Q: In the movie, Michelle Obama is very adamant about the food industry making better food, but in the end she basically just starts pushing exercise. Has she been bought out or duped by the food industry?

A: I think that Michelle Obama has done more than anybody to elevate these issues and she’s fantastic. But she had a policy decision to work with the food industry. Pepsi, Coke, Mars, Kraft and Kellogg offered to help her. The second they offered to help her, the message changed. The message that it is about exercise is the food industry’s message. They don’t want to take any blame whatsoever. They want to put it all on individual people and say, “It’s not the food’s fault.”

Q: Because sugar lights up the brain the same way as cocaine, will we be seeing rehab centers for food alcoholics?

A: Well, the boy in the movie gains his weight back because he goes back out into the environment and the only job available to him was at a fast-food restaurant. His school had him selling candy bars. This is why this is also a cultural problem. Look, there is junk at every checkout counter in America, regardless of whether the store is selling food or not. We have to have a movement that all businesses move the food away from the checkout. By the way, a company in England called Tesco just made a company-wide decision to remove all junk from the checkout. They want to help their customers be healthy. That is incredible.

Good for Tesco.

They are going to take a financial hit because of it, but they will make it up with something else. They will put something else there that people are going to want that doesn’t trigger their brain to eat something that is going to make them sick. It is the right thing to do. It is the moral thing to do, and we have to challenge every business in the United States to do the same.

Q: Did you ever suffer any eating disorder or food addiction?

A: I didn’t have any eating disorder or food addiction, but I struggle like every single person with my weight every day. Honestly, a day does not go by where I am not thinking about what I am eating. A 12-year-old boy really puts it perfectly. He says, “If you see it, you want it.”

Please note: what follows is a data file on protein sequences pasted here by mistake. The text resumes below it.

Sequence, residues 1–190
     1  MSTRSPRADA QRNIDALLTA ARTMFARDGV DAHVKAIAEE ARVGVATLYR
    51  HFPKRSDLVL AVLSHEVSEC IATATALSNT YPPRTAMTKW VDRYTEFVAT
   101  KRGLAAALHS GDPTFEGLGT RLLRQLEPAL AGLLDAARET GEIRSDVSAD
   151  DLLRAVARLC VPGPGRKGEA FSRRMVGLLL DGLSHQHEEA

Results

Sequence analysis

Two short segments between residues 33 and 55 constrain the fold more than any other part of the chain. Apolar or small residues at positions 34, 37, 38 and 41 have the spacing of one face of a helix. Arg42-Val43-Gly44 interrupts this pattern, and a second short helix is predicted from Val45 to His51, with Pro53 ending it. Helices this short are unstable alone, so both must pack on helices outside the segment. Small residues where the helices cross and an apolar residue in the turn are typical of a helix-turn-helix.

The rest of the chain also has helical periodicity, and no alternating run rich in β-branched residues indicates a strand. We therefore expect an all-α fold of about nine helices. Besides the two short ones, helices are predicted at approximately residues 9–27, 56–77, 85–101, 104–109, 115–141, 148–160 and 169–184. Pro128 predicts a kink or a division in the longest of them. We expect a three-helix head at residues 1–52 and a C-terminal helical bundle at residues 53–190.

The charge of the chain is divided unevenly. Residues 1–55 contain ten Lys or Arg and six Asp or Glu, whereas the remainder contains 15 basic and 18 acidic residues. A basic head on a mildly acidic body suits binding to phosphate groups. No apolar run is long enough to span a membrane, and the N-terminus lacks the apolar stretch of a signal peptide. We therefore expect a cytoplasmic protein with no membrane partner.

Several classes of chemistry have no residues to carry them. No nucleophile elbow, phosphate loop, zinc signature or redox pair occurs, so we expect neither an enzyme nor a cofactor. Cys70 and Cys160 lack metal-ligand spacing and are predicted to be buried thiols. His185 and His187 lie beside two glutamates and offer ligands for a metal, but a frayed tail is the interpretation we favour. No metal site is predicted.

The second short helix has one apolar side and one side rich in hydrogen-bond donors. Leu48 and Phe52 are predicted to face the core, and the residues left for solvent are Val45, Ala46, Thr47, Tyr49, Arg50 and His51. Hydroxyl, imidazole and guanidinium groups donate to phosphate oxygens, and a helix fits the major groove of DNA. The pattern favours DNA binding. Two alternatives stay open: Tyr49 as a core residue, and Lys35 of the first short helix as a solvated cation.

I did the “Fed Up” challenge. I got off sugar completely for 10 days. It is funny because once I got past a few days, I felt better, I had more energy, I slept better. Then all of a sudden chocolate was in my house again and the second I saw it, I ate it. It was unbelievable. So one of the things we all really have to do is get the stuff out of the house. Save it for a treat. If you take added sugar out of your diet, when you have fruit for dessert it is going to taste fantastic! So it is really about retraining our palate and our taste buds. We need to take it back so that real food tastes great again. Which it will!

Q: So tabloids are the other kind of junk at the checkout counter. You and Larry David were married 14 years before you split and took some tabloid heat. Did it bother you? Is he really as he appears on “Curb Your Enthusiasm”?

A: (Laughing) No, Larry and I are great friends. We had dinner together last night. We had the most beautiful divorce, I think, in show biz history. He is the best ex-husband anybody could ask for (laughing). I’d say “Curb” is an exaggerated version of Larry. I think a lot of the things Larry does (on the show) the real Larry thinks about but would never act on. He loves this movie. He is a health nut. So if you are a fan of Larry, go see “Fed Up.”

The Block News Alliance consists of The Blade and the Pittsburgh Post-Gazette. Patricia Sheridan is a writer for the Post-Gazette. Contact her at: